Steven Toporoff, an attorney with the Division of Privacy and Identity Protection at the Federal Trade Commission, Washington, D.C., agrees that ID theft is a bigger problem than most people realize, and acknowledges that a lack of data makes it hard to raise awareness about it. Toporoff says there are no reliable statistics about the actual incidence of child ID theft.
"It's completely underreported because parents in many instances have no suspicion that their child's identity has been taken. Children certainly don't know," Toporoff says. "While we don't know how prevalent it is, it can be devastating when it happens to a particular family."
Don't give out your children's Social Security numbers unless you have to.
Luckily, Dennedy discovered her daughter's ID theft before it created problems, but the mother of two isn't letting her guard down. Dennedy is expecting complications when her daughter reaches college age, so she is steeling herself for the battles she anticipates. "I know it's coming, so I know what to do," she says. "I'm not that fearful, but it's upsetting that you, as a parent, have to be so vigilant."
How do you know?
Most victims get no warning signs. However, if your child receives credit preapproval letters or calls from collection agencies, that's a good sign that a credit file—an ID-theft red flag for minors—exists in your child's name.
Otherwise, any home burglary, stolen wallet (if you were carrying your child's Social Security card or any forms containing that information), or data breach at a school or medical facility where your children attend or receive treatment should put you on alert, Toporoff notes.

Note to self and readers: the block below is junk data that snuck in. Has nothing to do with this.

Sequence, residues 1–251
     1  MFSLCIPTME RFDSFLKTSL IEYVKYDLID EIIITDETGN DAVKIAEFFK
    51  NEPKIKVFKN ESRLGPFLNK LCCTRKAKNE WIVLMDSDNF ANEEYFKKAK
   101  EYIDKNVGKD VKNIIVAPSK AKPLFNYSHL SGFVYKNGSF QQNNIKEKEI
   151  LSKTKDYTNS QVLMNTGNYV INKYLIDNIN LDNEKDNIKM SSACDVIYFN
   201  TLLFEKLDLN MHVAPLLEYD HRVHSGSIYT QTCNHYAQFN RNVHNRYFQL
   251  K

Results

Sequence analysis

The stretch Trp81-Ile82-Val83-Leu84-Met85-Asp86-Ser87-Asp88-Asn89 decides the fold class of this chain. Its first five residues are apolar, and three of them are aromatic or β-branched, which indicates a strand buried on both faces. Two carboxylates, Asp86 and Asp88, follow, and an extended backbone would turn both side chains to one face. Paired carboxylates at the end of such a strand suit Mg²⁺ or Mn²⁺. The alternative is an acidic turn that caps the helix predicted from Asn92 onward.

In the absence of a known breach or red flag, most experts recommend checking kids' records when they are about age 16. Gabby Beltran, public information officer for the Identity Theft Resource Center, discourages nervous parents from making routine credit inquiries. That can create a credit file for a child, Beltran says, and any time a file exists, it can be sold to marketers, thereby furthering the fraud potential.
What you can do
Simply safeguard your child's personal information, Toporoff says. Don't carry Social Security cards with you, and shred any unneeded documents that contain sensitive details. Don't give out your children's SSNs unless you have to, and realize that you don't have to give it out just because someone asks for it.
In the absence of a known breach or red flag, most experts recommend checking into kids' records when they are about age 16.
"Be very stingy," Holland says. "Everybody wants your child's Social [Security number] and they don't need it." Exceptions are for health care and for some schools or financial accounts.
Wallace adds that parents and children often offer up all kinds of personal information via social networking—full dates of birth, school names, mother's maiden name— without ever being asked. Wallace says parents should think twice about sharing too many details, and they should talk to their older children about smart social-networking practices.
"Personal information is like money. It is a valuable asset," she says. "You need to think about how much information you put online."
Also, never use your child's SSNs in place of your own. In hardship, some parents use their children's SSNs to apply for state benefits, utilities, or even credit. It is illegal, and will lead to complications for children when they reach adulthood.